Obligate insect social parasites evolve traits to effectively locate and then exploit their hosts, whereas hosts have complex social behavioral repertoires, which include sensory recognition to reject potential conspecific intruders and heterospecific parasites. While social parasites and host behaviors have been studied extensively, less is known about how their sensory systems function to meet their specific selective pressures. Here, we compare investment in visual and olfactory brain regions in the paper wasp Polistes dominula, and its obligate social parasite P. sulcifer, to explore the links among sensory systems,brain and behavior. Our results show significant relative volumetric differences between these two closely related species, consistent with their very different life histories. Social parasites show proportionally larger optic lobes and central complex to likely navigate long-distance migrations and unfamiliar landscapes to locate the specific species of hosts they usurp. Contrastingly, hosts have larger antennal lobes and calyces of the mushroom bodies compared with social parasites, as predicted by their sensory means to maintain social cohesion via olfactory signals, allocate colony tasks, forage, and recognize conspecific and heterospecific intruders. Our work suggests how this tradeoff between visual and olfactory brain regions may facilitate different sensory adaptations needed to perform social and foraging tasks by the host, including recognition of parasites, or to fly long distances and successful host localizing by the social parasite.
... Additional details of these procedures can be found in Hodges et al. (2020). We acknowledge that a digital camera-based quantification of the appearance of eggshells does not allow for modelling of all the avian-perceivable visual cues, including ultraviolet reflectance (Aidala et al. 2012), but physically quantified differences from RGB cues are typically matched by avian-perceivable differences (e.g., Hauber et al. 2019; Price-Waldman and Stoddard 2021). ...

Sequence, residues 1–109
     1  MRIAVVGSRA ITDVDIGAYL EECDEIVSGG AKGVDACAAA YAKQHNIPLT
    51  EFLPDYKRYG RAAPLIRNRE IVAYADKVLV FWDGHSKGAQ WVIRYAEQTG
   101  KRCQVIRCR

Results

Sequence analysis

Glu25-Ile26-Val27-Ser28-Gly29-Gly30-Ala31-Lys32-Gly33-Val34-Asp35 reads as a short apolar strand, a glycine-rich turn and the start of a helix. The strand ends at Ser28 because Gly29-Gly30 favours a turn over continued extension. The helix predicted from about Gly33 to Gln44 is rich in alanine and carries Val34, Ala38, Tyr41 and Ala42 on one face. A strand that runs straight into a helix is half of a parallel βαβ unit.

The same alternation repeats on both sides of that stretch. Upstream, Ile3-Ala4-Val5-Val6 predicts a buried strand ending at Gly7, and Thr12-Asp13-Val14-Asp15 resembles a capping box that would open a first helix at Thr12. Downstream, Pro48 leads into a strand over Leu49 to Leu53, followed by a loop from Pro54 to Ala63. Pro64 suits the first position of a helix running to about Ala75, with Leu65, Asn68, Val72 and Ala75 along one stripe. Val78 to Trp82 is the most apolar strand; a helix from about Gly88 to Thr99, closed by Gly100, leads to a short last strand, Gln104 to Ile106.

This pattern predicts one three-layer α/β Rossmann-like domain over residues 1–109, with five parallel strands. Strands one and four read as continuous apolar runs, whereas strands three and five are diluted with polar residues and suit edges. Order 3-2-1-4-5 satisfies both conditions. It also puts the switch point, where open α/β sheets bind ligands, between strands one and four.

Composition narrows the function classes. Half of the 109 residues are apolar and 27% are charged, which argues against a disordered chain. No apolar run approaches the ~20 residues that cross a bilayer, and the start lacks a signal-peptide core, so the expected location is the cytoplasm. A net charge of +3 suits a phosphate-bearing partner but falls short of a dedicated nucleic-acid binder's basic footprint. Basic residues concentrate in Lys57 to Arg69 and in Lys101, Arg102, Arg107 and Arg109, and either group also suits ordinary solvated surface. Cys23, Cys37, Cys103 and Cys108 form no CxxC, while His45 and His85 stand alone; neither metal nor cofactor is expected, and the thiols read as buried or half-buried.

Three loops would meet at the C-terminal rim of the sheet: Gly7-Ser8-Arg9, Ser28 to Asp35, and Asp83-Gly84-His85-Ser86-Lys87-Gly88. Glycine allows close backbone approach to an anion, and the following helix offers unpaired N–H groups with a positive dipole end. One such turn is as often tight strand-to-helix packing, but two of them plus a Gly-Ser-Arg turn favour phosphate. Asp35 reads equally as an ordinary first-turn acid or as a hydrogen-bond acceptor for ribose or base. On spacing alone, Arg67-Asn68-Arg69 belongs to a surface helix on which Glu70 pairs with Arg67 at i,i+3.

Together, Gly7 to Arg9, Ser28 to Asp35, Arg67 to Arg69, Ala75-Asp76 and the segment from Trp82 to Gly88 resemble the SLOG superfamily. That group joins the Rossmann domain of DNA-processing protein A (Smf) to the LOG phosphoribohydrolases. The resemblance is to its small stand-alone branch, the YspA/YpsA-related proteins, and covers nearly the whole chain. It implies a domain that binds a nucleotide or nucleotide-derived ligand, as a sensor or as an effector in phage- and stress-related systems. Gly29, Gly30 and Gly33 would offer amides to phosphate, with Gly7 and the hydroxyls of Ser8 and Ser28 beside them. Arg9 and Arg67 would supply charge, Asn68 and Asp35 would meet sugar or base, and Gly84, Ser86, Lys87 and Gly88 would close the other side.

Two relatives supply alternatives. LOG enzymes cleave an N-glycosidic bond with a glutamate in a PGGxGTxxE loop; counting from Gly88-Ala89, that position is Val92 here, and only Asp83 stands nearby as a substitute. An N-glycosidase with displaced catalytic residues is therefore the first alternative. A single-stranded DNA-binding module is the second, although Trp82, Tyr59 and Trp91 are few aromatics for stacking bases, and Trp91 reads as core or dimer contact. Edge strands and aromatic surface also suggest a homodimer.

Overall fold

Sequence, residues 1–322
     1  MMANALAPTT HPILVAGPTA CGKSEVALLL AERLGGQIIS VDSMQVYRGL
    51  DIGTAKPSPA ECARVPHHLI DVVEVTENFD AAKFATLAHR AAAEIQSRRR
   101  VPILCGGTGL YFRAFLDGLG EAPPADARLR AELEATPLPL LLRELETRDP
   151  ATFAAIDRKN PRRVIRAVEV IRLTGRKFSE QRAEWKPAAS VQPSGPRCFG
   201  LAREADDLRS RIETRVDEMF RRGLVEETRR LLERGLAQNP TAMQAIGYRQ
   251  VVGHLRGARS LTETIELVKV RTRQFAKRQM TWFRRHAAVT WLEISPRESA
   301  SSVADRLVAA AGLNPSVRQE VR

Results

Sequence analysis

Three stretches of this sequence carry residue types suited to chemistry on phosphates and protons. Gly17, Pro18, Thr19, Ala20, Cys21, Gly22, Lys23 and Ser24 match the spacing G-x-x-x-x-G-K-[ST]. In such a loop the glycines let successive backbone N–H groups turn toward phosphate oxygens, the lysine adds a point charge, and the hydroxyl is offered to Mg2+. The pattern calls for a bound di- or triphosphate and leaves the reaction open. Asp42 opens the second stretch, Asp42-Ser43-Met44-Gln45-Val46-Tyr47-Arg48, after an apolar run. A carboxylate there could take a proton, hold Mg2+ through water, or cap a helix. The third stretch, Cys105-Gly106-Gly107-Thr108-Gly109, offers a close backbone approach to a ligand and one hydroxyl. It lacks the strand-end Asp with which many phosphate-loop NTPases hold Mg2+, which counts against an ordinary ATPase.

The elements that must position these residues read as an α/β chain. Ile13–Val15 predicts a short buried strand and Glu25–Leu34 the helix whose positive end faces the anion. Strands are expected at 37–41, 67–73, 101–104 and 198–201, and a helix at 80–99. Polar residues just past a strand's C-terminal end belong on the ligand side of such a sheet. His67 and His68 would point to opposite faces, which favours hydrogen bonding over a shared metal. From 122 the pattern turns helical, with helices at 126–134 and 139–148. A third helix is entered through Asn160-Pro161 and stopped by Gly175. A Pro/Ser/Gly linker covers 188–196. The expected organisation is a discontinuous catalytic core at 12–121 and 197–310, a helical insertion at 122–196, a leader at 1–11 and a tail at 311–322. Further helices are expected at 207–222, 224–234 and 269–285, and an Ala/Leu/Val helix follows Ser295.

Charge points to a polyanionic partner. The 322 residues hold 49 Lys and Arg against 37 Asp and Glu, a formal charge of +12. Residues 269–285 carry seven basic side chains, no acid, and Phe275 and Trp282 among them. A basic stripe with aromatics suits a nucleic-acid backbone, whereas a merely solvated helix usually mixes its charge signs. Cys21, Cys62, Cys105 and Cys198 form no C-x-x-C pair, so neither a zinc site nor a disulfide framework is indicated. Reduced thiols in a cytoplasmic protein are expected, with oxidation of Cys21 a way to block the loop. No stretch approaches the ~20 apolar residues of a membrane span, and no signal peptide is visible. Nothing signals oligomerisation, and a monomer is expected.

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Avian eggshell pigmentation may provide information about a female’s physiological condition, in particular her state of oxidative balance. Previously we found that female house wrens (Troglodytes aedon Vieillot, 1809) with lighter, less-maculated, and redder ground-colored shells were older and produced heavier offspring than females laying darker, browner eggs. The strong pro-oxidant protoporphyrin is responsible for this species’ eggshell pigmentation, so differences in pigmentary coloration may be related to eggshell protoporphyrin content and reflect female oxidative balance and condition during egg-formation. Therefore, we tested the assumption that egg-surface coloration is related to the amount of protoporphyrin in the shell matrix. We analyzed digital photographs of eggs to determine maculation coverage as a measure of the overall ground coloration of the egg and its red-, green-, and blue-channel pixel values. Pigments were then extracted from these same eggs and analyzed using high-performance liquid chromatography. There was a strong, positive relationship between eggshell redness and protoporphyrin content of eggshells, but no relationship between percent maculation and protoporphyrin content. Thus, when older, larger females deposit more protoporphyrin in their eggshells, this may reflect a tolerance for high levels of circulating protoporphyrin or an effective mechanism for off-loading protoporphyrin into the eggshell matrix. Keywords: Eggs, Female quality, HPLC, Eggshell pigmentation, Eggshell speckles
... This research has also defined a range of plants present in their respective environments that were avoided by moa; both these positive and negative selection processes were presumably driven by olfaction. Moa had the genetic information for ultraviolet (UV) vision [67]; foliage that moa were known to eat has not been tested for its appearance in UV light but this could yield interesting results. ...